Posted November 21, 2007 in News


Riverside Press-Enterprise “humor” columnist Jeff Girod did not write today’s little feature story about the Redlands company, Trimflex, which is kind of surprising because . . . you know, hahaha . . . the story is about a company that . . . you know, haha . . . sells trim. Don’t know how he could have missed it.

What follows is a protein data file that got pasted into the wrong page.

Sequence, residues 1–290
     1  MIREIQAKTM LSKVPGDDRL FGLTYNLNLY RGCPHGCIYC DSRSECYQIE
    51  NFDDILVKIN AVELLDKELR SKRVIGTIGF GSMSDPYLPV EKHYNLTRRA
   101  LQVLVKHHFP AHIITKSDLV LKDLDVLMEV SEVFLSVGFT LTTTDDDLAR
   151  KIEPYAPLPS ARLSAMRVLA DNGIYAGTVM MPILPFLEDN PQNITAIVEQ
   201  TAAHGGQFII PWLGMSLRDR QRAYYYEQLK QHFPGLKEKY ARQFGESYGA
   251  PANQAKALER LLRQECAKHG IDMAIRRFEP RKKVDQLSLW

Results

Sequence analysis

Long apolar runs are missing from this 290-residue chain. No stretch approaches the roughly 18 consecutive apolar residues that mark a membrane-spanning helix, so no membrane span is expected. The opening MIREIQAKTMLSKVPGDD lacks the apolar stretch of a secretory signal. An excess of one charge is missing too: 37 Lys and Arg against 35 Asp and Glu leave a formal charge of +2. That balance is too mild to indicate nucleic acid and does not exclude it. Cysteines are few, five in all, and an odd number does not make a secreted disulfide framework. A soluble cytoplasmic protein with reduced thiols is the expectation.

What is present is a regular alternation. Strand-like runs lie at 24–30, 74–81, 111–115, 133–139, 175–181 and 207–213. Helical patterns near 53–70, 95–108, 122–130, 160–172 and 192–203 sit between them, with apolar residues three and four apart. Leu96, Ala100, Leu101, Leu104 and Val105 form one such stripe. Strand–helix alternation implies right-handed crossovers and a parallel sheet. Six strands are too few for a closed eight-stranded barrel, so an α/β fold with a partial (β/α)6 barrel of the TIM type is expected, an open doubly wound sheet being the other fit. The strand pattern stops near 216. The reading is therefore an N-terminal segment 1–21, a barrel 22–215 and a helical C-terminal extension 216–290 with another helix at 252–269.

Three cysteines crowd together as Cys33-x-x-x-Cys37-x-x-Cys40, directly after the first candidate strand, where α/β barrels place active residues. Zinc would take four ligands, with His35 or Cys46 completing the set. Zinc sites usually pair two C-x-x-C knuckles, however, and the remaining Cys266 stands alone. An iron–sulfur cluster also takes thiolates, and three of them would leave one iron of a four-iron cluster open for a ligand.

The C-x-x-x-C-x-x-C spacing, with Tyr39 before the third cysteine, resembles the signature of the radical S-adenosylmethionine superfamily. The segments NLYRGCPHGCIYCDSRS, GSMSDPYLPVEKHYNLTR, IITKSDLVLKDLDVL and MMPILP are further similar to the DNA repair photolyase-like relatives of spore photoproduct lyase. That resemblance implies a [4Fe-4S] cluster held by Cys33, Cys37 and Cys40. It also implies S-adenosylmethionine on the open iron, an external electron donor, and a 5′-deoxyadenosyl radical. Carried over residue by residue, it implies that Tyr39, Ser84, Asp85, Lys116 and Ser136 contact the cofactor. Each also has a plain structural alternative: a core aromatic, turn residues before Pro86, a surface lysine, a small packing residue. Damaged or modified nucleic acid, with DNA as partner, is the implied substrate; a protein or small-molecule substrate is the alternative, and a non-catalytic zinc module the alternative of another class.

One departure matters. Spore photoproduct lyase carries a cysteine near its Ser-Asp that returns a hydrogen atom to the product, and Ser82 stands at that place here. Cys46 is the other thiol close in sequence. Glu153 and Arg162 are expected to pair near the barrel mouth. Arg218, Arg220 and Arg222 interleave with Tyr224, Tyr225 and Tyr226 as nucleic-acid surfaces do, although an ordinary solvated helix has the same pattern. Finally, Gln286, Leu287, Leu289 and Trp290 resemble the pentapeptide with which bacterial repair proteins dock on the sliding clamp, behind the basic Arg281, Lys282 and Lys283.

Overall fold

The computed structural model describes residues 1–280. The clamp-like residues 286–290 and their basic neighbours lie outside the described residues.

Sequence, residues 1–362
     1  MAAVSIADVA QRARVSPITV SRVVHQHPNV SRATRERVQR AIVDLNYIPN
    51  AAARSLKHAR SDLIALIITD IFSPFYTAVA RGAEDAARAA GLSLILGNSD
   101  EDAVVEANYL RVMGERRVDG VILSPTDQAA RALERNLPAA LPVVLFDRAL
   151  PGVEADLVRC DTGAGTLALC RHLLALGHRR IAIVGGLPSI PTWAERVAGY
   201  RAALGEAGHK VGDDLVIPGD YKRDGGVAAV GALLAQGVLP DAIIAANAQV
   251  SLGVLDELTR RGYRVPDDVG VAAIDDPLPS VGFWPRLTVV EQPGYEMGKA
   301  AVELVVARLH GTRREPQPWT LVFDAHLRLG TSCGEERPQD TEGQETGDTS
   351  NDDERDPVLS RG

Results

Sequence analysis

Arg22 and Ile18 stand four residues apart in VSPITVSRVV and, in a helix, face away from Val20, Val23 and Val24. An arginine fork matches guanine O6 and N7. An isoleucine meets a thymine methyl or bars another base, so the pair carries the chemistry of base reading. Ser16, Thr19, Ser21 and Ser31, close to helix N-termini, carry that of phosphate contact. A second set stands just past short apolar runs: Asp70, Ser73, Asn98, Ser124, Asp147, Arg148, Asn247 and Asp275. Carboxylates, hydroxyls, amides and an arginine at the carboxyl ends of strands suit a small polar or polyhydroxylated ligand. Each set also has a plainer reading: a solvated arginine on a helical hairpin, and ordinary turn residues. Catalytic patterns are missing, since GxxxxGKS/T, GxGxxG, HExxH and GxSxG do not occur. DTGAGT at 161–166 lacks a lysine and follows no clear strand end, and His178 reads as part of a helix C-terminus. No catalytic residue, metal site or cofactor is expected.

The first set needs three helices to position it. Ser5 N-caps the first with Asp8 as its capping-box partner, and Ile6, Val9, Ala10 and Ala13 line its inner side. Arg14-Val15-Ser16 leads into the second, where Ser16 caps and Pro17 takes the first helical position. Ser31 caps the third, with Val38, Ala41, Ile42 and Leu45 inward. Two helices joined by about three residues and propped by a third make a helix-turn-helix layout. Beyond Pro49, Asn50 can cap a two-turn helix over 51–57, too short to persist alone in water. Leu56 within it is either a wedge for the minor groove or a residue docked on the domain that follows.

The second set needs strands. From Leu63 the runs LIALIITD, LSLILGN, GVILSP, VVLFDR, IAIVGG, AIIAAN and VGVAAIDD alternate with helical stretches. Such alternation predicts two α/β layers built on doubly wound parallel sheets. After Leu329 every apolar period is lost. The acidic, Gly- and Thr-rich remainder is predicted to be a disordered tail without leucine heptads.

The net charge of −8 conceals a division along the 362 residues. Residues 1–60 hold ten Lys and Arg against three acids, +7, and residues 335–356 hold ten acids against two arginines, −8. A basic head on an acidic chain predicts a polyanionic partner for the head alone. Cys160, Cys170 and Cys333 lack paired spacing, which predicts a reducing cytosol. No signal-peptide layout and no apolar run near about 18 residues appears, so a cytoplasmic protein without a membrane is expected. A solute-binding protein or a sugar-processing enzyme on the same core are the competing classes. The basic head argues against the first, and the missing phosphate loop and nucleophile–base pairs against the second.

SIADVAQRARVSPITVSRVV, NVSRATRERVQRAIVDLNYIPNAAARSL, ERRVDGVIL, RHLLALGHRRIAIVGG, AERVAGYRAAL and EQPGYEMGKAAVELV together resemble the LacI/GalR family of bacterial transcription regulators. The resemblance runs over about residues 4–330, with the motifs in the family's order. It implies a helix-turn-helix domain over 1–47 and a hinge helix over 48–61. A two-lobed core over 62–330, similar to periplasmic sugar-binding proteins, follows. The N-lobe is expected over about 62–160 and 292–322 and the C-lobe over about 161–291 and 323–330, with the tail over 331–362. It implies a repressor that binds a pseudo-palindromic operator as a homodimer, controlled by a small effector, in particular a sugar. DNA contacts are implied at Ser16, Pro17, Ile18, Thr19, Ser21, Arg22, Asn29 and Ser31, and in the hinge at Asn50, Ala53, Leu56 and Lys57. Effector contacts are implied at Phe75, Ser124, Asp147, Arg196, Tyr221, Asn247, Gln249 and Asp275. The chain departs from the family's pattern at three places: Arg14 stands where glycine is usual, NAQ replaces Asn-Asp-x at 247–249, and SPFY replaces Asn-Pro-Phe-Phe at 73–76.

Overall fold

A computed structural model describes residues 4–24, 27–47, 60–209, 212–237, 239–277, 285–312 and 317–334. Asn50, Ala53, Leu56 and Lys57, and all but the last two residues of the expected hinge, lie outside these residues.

No question about it, the people of Apple Valley support our troops, although that’s not the only reason for them to be pleased that a big Pentagon spending bill just survived the partisan politics of Congress. See, $4 million of the money in that bill, which might have gone to keep US soldiers in Iraq better armed and reinforced—and maybe less apt to be left stranded at checkpoints, where they can be kidnapped, tortured and murdered—was steered toward a special Apple Valley school. Who can Apple Valley thank for that? Its own Republican congressman, Jerry Lewis, chairman of the House Appropriations Committee. Lewis had to fight off the partisan attempts of Congressman Jeff Flake, a Repub—oh, wait, so this wasn’t partisan?—lican from Arizona, who’s been trying to strip self-serving spending amendments from important bills. Flake didn’t stand a chance against Lewis, who’s so experienced at finagling such “earmarks” that he’s being investigated by federal law-enforcement agencies. To Lewis, getting $4 million of Pentagon spending bill money for this particular Apple Valley school was worth it. Why? Well, for one thing, awhile ago the school was renamed the Lewis Center for Educational Research. The services held there every Sunday by the High Desert United Reformed Church also provide a nice opportunity to pray for our troops.